By the time he was 10, he and his brothers were producing neighbourhood puppet shows (drawing heavily on the Bard for their plots) and he had made his first radio broadcast as part of a choir singing Christmas music. His parents separated in 1929 after his father, who appears to have been a bounder, left his mother to raise their three sons on her own. Young Mavor helped augment the family finances by acting in The Crusoe Boys, a daily radio serial.
After elementary school, he went to the University of Toronto Schools, then a boys only, academically elite institution. He expanded his theatrical range to play Falstaff and Macbeth in school productions. From UTS, he entered the University of Toronto in 1936, where he studied philosophy and English and participated in theatricals, becoming the first student director to win the University Drama Festival, serving as president of the Players' Guild and the Philosophical Society, as drama critic for the student newspaper The Varsity, and as literary editor of The Undergraduate. After failing a year because of his heavy complement 1 with a first-class honours degree.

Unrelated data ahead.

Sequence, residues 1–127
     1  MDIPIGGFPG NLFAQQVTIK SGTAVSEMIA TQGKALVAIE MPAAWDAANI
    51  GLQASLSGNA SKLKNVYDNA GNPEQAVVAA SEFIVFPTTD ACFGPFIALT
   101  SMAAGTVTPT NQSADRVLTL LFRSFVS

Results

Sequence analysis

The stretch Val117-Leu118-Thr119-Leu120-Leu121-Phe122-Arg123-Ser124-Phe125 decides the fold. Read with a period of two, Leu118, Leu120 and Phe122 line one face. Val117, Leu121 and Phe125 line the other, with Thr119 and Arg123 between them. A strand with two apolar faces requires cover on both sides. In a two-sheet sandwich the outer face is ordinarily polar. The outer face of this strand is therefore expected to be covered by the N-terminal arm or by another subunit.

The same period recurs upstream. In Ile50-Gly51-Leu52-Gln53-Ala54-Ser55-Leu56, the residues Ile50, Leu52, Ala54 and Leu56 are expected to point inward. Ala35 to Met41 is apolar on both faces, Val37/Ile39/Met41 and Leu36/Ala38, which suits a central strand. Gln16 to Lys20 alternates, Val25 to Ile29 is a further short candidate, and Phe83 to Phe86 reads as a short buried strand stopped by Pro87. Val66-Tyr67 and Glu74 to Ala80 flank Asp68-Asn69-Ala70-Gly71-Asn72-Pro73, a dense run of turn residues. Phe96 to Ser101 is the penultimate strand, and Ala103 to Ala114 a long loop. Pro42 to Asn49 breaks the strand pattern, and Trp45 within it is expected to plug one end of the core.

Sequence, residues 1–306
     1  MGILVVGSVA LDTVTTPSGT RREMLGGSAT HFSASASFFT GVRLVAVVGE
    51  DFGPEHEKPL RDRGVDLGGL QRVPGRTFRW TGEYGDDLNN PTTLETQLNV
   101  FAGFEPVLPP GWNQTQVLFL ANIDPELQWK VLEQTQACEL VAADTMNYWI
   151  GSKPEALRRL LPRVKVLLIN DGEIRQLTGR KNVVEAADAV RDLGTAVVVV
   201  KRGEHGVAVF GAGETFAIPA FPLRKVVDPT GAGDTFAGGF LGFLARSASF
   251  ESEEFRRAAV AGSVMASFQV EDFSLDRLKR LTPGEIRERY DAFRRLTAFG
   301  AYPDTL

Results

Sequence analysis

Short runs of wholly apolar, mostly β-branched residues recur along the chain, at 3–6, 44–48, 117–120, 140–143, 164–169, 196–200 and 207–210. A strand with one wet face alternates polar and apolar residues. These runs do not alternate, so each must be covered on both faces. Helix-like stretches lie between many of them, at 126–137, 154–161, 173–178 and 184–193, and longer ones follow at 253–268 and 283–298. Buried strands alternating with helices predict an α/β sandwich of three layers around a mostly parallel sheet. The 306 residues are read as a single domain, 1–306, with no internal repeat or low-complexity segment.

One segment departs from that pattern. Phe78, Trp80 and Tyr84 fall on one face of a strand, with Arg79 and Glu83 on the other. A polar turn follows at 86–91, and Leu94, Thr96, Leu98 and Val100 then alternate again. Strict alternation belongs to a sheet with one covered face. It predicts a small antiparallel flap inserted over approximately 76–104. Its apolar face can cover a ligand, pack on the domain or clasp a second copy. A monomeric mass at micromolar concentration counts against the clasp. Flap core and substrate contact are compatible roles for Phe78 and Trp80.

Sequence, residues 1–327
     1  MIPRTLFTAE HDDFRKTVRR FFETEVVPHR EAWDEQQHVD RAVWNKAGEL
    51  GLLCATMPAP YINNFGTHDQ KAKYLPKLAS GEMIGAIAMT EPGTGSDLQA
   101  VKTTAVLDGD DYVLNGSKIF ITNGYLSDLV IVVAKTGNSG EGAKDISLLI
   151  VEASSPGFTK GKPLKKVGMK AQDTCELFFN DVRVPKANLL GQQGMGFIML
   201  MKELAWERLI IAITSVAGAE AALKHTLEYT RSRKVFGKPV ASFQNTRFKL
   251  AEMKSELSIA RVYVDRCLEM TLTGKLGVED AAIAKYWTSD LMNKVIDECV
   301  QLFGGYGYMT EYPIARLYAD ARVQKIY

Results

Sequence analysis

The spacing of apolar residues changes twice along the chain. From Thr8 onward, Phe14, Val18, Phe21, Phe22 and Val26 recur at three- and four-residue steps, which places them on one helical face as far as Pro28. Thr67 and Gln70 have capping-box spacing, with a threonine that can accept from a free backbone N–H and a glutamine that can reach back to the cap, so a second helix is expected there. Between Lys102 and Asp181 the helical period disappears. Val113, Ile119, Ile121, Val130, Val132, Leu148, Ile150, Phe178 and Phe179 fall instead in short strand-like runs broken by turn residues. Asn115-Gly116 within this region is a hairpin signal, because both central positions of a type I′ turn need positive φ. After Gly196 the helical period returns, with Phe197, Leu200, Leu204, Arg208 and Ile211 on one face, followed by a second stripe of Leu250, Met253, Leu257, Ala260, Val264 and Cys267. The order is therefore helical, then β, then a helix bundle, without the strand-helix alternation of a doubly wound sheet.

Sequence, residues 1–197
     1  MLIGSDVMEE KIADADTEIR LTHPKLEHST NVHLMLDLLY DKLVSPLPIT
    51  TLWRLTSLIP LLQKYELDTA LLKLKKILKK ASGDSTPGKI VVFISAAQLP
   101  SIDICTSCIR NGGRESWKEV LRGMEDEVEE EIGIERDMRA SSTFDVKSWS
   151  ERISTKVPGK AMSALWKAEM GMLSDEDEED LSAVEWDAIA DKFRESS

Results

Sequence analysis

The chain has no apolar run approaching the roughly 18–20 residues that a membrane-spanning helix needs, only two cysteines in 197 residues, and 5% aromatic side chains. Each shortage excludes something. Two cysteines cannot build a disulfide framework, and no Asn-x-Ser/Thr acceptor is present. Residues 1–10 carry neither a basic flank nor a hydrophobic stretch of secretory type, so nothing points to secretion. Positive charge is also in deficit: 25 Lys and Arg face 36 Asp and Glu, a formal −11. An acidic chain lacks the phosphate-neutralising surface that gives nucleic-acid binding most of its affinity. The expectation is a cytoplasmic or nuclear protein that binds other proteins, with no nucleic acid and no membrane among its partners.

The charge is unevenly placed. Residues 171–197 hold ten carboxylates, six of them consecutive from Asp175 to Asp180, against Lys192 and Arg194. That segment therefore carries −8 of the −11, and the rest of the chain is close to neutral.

He immediately joined the CBC as its youngest producer. He was 22. His poor eyesight made him ineligible for active service overseas during the Second World War, so, instead, he produced wartime radio features for the CBC. Later, he served as a psychological warfare officer in Canadian Army Intelligence attached to the Canadian High Commission in London. At the same time, he married Darwina (Dilly) Faessler on Oct. 14, 1943. They eventually had four daughters: Dorothea (Tedde), Rosalind, Marili and Charlotte.